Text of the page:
NECN is carried on most of the multiple system operators (MSOs) in the region, including Comcast, Charter Communications, Metrocast and Time Warner Cable. The station's two outbound program channels are carried to the cable headends via a terrestrial fiber and microwave distribution network.

Automated playout and tape archiving

The facility includes two similar production control rooms. Control Room A includes a Kalypso switcher, while Control Room B features a Kayak HD switcher. Room A is used for the main newscasts and some other segments, while Room B handles breaking news, a zoned newscast and other programs that air throughout a typical news day. Grass Valley Profile servers, which store prebuilt animations and other stock elements, support both control rooms.

Added to this mix is the NewsQ Pro system, which manages identical playout facilities for NECN's two production control rooms. It enables producers and journalists to quickly and easily search, locate and retrieve material associated with a particular story.

Producers use the system via their MOS-connected Associated Press ENPS desktops to slug each story and leverage any additional metadata generated by the cameras, Pathfire media servers, wire services, reporter info and so on. This metadata stays with a story from when it enters the building until it is dumped off to tape for archiving.

Internal training was key. News employees had to modify their old tape-based processes and embrace the new file-based workflow. Grass Valley is modifying the “Archive-To-Tape” function within the NewsQ Pro software to accommodate XDCAM equipment interfacing and will provide NECN with an update soon. The goal is to eliminate videotape from as many areas of the operation as possible.

Completed programming content is sent from the production control rooms in serial digital video with embedded AES audio to the station's network operations center. From here, commercials are inserted for the two regions served by the news station and then sent to the cable provider and into consumers' homes. A Sundance Digital NXT provides automation control for NECN's Utah Scientific MCP-2020 MC switcher at the heart of its network operations center and manages three channels of SeaChange MediaCluster servers for playback of prerecorded programs and commercials. The system design now in place is flexible and fast, allowing the news station to go live at a moment's notice. As material is ingested, it can be aired immediately.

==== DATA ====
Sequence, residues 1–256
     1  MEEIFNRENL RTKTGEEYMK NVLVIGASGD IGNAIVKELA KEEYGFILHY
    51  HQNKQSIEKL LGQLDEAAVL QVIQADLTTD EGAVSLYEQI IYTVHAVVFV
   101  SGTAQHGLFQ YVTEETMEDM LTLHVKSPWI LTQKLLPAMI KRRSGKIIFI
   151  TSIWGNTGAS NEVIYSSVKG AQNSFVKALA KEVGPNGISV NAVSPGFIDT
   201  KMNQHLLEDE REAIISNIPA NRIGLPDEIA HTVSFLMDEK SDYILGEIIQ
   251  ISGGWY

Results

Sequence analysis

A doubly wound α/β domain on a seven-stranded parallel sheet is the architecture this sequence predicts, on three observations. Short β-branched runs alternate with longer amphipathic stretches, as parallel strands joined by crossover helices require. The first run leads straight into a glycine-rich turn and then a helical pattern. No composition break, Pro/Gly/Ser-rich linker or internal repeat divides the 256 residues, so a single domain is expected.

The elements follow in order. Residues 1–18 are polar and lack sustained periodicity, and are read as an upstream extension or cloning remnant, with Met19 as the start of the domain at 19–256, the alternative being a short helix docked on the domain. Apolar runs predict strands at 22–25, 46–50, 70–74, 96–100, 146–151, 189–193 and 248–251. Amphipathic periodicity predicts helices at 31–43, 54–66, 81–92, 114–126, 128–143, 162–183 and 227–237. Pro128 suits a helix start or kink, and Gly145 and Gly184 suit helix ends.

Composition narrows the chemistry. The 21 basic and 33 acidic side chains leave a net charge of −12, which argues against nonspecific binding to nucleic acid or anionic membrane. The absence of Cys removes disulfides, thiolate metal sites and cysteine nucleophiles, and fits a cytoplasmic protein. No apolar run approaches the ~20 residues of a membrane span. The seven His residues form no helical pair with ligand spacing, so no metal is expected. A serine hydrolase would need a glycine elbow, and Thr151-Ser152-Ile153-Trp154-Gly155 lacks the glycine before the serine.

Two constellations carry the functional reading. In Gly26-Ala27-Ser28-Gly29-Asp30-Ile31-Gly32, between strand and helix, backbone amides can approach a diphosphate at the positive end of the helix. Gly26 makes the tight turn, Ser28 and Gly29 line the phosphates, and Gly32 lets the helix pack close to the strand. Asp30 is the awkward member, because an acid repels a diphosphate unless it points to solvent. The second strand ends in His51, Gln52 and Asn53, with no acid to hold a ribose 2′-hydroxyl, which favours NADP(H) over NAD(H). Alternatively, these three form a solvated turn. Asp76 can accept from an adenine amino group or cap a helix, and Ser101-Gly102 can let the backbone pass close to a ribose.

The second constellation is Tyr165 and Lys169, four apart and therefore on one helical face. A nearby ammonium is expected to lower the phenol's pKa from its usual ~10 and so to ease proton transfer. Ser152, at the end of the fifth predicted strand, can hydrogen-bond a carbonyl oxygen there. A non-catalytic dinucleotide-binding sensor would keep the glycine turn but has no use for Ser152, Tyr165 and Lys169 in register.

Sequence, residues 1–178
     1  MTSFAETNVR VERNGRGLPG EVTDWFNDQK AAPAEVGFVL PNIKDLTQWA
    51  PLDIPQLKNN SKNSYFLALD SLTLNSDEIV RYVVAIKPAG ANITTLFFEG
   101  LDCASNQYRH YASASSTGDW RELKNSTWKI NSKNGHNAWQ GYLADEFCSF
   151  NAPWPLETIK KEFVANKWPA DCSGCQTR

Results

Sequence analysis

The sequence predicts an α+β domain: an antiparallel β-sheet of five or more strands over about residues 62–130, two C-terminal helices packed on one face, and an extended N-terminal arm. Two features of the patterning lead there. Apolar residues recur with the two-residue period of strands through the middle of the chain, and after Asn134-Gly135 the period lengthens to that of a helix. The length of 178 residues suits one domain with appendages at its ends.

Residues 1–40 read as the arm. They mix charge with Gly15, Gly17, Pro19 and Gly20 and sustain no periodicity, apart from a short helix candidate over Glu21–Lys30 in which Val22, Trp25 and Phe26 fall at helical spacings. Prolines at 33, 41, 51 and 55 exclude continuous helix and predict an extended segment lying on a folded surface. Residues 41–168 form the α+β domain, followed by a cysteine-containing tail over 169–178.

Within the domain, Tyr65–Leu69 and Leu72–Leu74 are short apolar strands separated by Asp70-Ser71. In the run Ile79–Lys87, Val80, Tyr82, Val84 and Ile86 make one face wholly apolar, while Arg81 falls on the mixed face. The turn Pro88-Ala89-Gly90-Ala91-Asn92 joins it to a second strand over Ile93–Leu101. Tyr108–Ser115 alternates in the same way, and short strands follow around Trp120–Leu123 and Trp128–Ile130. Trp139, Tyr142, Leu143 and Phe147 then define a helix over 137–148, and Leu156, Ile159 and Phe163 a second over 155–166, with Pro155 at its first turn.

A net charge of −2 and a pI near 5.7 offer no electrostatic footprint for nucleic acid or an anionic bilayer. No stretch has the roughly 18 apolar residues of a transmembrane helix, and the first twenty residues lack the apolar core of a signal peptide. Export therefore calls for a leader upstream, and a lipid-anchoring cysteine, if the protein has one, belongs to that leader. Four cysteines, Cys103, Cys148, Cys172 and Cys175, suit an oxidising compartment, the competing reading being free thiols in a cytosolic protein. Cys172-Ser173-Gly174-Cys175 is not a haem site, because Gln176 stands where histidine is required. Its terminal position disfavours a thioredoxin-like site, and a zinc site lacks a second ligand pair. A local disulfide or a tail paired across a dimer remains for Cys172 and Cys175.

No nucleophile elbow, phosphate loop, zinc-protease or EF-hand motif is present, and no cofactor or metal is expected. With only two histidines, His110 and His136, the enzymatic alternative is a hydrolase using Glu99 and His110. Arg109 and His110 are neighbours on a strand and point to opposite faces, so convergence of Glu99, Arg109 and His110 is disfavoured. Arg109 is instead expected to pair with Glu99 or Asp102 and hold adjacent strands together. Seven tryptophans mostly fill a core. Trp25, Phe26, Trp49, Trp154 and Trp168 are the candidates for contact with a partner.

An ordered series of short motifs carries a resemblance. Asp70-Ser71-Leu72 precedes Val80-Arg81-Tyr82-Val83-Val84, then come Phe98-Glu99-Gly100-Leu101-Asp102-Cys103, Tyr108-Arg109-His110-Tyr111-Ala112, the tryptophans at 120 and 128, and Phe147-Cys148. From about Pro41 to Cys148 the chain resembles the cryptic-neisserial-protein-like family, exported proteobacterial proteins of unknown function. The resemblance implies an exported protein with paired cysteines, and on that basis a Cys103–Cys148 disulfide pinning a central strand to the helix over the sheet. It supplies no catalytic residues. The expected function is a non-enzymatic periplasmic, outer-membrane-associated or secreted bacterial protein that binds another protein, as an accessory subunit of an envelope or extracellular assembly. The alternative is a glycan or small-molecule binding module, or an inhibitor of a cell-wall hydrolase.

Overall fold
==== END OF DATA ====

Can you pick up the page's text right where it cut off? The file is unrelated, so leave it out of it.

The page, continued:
Where previously the newsroom automation system was used to find tapes on a shelf, material can now be retrieved much faster and more efficiently from the NAS system and married with live signals sent via fiber, microwave or satellite connection. NECN also maintains four news bureaus throughout the region that contribute news on a daily basis, with some stories sent via a Telestream ClipMail system.

This process has been used on several late-breaking occasions, such as the recent flooding in New England, and has helped the station scoop its much more established competition. NECN has to be prepared for any and all news stories as they break. The system as implemented allows the station to go live from two different control rooms and expand coverage of important stories at a moment's notice.

Rather than go for a high story count, there are times when the station will expand upon a single story. On Sept. 11, 2001, two of the troubled flights originated from Boston and Maine. NECN went live for six-and-a-half days, commercial-free. Throughout the current Middle East crisis, the station has been able to easily break away from planned stories as needed.

NECN's technology and systems have been designed for a maximum workload, yet the systems are flexible and ready to adjust to a different workflow. The station's approach to the news business is the reason NECN has remained an award-winning news source in the region.

Michael Grotticelli regularly reports on the professional video and broadcast technology industries.

Associated Press ENPS newsroom computer system

Grass Valley
Kalypso SD switcher
Kayak HD switcher
M-Series iVDRs
NewsEdit SC NLE systems
NewsQ Pro
Profile servers
NAS

Harris Letich Panacea router

Mackie 56-input audio board

Pathfire media servers

SeaChange MediaCluster servers

Sony
Betacam SP VTRs
XDCAM cameras and player/recorders

Sundance Digital NXT automation

Telestream
ClipMail encoder
FlipFactory automation system

Utah Scientific MCP-2020 MC switcher

Wheatstone D-9 audio console

NECN
Greg Roehr, chief engineer
Dave Beauvais, director of operations
John Mehrtens, IT manager
Kris Kalanderi, assistant chief engineer